July 26, 2017
Disclose Yourself to Others – Courageous Communicator Quest Challenge 3
Making progress! Coming out of last week’s Challenge, did anything you learned about yourself surprise you, or shock you even? Did you get a new perspective? How did that resonate with you?
This next Challenge in the Knowing Yourself phase is about helping others get to know you, too. Disclosing yourself to others also requires you to leave your comfort zone, yet the benefits that come along with disclosure are abundant including building trust, credibility, relationships and connections.
Challenge 3: Disclose Yourself to Others
Great leaders don’t need to be known or understood. Work is work and not personal.
It’s a common misconception that great leaders don’t reveal their humanity. On the contrary, the most influential leaders understand that revealing genuine vulnerabilities or human traits can be a powerful tool for connecting with employees and modeling personal growth. That’s not to say that it’s about becoming a quivering mess of insecurities, but strategic—and honest—self-disclosure can better help people understand that you share in their struggles and know what it is to overcome adversity.
You show that you’re not leading in a bubble, and that your perspective is grounded in specific experiences. Leaders who communicate honestly and genuinely reap the benefits of employees who are more engaged, and feel even better about how they lead and the results they achieve.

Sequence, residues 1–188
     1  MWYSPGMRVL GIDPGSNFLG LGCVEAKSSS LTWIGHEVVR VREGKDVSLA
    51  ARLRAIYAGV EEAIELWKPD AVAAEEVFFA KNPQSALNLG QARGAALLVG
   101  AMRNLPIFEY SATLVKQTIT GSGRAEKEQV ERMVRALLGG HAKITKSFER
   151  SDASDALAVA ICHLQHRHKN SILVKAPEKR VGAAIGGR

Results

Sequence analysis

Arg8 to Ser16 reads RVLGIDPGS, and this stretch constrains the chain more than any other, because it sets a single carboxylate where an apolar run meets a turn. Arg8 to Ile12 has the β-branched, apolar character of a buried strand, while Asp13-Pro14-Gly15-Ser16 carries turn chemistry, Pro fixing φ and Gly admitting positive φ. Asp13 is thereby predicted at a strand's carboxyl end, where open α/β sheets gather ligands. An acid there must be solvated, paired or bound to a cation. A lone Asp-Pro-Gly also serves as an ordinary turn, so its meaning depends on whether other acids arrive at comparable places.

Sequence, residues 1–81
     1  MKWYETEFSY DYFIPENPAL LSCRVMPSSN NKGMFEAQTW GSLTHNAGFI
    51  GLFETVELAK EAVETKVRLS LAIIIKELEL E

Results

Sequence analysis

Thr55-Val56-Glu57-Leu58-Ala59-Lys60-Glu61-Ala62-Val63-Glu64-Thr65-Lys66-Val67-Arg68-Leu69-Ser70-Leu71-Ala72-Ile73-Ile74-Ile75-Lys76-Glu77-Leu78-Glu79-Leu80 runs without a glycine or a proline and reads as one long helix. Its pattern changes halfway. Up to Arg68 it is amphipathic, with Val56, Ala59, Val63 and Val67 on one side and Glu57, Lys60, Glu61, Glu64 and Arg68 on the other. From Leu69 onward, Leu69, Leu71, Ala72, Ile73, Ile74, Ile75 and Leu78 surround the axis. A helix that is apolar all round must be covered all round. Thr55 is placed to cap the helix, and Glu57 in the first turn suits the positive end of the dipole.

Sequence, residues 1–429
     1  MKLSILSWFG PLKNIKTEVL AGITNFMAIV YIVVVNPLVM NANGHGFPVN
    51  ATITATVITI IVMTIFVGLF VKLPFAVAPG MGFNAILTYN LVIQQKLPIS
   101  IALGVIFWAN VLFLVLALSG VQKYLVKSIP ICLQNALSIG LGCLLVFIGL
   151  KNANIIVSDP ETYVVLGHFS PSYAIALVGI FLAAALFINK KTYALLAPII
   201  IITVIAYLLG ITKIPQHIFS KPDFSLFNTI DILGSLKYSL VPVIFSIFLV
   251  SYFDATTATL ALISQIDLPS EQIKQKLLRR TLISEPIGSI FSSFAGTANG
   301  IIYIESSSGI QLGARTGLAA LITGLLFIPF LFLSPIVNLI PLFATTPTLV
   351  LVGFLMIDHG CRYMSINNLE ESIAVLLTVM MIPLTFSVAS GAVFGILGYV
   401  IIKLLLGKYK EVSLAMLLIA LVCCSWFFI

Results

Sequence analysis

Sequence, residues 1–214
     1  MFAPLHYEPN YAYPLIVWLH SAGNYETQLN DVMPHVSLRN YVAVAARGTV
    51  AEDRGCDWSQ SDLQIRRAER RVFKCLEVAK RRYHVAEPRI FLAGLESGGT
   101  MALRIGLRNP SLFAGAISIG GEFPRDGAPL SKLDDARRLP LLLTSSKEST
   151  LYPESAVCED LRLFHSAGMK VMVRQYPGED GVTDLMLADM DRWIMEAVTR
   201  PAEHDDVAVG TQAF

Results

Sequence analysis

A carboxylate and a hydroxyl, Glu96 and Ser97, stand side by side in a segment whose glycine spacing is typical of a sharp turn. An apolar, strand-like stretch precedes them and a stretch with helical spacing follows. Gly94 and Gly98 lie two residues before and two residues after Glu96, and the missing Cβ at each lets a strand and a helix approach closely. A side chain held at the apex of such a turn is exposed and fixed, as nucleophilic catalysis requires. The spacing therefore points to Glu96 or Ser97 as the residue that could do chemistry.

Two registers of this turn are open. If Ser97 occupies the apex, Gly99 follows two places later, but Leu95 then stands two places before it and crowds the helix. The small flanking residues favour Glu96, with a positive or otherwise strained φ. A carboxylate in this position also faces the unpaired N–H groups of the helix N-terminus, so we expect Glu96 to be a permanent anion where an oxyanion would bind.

There’s a caveat. It’s important to note great leaders also consider what the audience can understand, process and make use of. Giving someone information they have little way to process or to understand, can just create confusion and anxiety. All this requires reflection on your part before you speak or act. In other words, you have to be planful and purposeful (you can’t wing it). This is where this week’s challenge comes in.
The Courageous Communicator Challenge
Stories are an integral part to communicating effectively with your employees. A great story goes a long way, because it’s memorable and helps create an emotional connection with the listener. What we feel impacts what we do, so stories can be a great way to move employees to action.
Pick a behavior that you want your team—or a specific employee—to improve. Then think of a personal experience with the behavior that was holding you back—and the story of how you overcame it, developed new behaviors, and how that change ultimately led to a turning point in your career.
However, sometimes leaders get so caught up with grabbing an audience’s attention that they miss the point. For instance, a personal anecdote is great but only if it connects to what you’re trying to communicate. In other words: It doesn’t really matter if your son won the state high school basketball tournament unless his game-winning shot says something about what your company team needs to do every day. So, make sure to include a moral to every story you share. Wrap up your story with this comment: “I share this story because…”
When preparing your story, follow this formula to help guide you:
Remember, like any good communication, stories should have a purpose and tie directly to the end result you’re trying to achieve.
Now the fun part: Share that story with your team or that individual.
What is a personal experience that comes to mind that you can use for this challenge?
Check back next week for the 4th Challenge: Staying True to Yourself Under Pressure.
If you are just joining us in our Courageous Communicator Quest Challenge, take a moment to start from the beginning here.
Refer back to previous challenges here:
Tag(s): Leadership Communication
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